verb (used with object), ha·bit·u·at·ed, ha·bit·u·at·ing.
verb (used without object), ha·bit·u·at·ed, ha·bit·u·at·ing.
Origin of habituate
Examples from the Web for habituate
Some are habituate vices, and the whole nature is more desperately depraved than in others.A Christian Directory (Part 2 of 4)|Richard Baxter
A little practice will habituate them by degrees to the harness of war.A Rebel War Clerk's Diary at the Confederate States Capital|John Beauchamp Jones
The Queen pretended to despise this, but inwardly raged (as people saw), she could not habituate herself to it.The Memoirs of Louis XIV., His Court and The Regency, Complete|Duc de Saint-Simon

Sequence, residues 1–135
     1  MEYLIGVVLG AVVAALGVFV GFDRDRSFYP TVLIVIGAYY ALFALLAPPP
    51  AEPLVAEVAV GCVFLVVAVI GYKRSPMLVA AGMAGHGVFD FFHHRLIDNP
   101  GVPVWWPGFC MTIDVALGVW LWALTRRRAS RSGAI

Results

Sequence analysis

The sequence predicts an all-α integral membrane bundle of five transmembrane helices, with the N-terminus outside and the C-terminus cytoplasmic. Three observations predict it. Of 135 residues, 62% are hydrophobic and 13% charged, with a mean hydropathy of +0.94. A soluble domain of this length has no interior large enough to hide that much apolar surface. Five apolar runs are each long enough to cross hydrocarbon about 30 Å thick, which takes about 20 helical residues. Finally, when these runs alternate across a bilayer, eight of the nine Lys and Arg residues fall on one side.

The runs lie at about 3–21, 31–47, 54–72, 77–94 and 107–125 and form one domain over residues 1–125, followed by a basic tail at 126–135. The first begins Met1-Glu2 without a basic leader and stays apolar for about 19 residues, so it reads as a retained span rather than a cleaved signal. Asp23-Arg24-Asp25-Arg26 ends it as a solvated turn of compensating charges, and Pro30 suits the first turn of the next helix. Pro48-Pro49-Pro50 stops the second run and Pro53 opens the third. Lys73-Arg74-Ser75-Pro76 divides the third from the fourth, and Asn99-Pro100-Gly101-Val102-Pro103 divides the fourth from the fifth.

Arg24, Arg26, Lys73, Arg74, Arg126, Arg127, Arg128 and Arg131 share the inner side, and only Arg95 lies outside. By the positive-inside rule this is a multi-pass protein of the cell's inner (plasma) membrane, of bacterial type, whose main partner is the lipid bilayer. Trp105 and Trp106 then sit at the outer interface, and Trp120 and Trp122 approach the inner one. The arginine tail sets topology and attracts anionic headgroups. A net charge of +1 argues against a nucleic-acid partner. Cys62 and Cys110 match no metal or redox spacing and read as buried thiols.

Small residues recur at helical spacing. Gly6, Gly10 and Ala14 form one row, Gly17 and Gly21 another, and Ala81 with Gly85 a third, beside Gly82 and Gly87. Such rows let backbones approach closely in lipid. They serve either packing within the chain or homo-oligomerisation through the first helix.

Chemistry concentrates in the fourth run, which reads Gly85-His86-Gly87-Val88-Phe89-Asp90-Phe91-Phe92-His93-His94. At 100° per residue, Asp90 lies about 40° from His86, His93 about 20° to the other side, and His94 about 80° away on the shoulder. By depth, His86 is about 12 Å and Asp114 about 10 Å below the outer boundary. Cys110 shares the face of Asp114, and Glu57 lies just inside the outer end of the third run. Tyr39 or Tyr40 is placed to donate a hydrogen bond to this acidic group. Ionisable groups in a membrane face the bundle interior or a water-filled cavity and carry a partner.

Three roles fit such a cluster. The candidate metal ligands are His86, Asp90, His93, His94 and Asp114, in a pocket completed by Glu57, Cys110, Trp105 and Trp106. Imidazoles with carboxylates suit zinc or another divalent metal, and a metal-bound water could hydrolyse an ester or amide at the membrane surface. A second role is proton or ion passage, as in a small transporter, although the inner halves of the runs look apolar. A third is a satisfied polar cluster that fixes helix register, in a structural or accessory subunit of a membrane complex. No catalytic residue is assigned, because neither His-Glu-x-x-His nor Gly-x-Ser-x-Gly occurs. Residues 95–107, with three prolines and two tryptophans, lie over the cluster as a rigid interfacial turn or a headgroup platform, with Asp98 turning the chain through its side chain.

It is very shy in its nature, and cannot habituate itself to captivity.Reptiles and Birds|Louis Figuier
It is framed to habituate the country to the cry of "war," but we are making no preparation for war.Presidential Candidates:|D. W. Bartlett
British Dictionary definitions for habituate
Word Origin and History for habituate
1520s, from Latin habituatus, past participle of habituare "to bring into a condition or habit of the body," from habitus (see habit (n.)). Related: Habituated; habituating.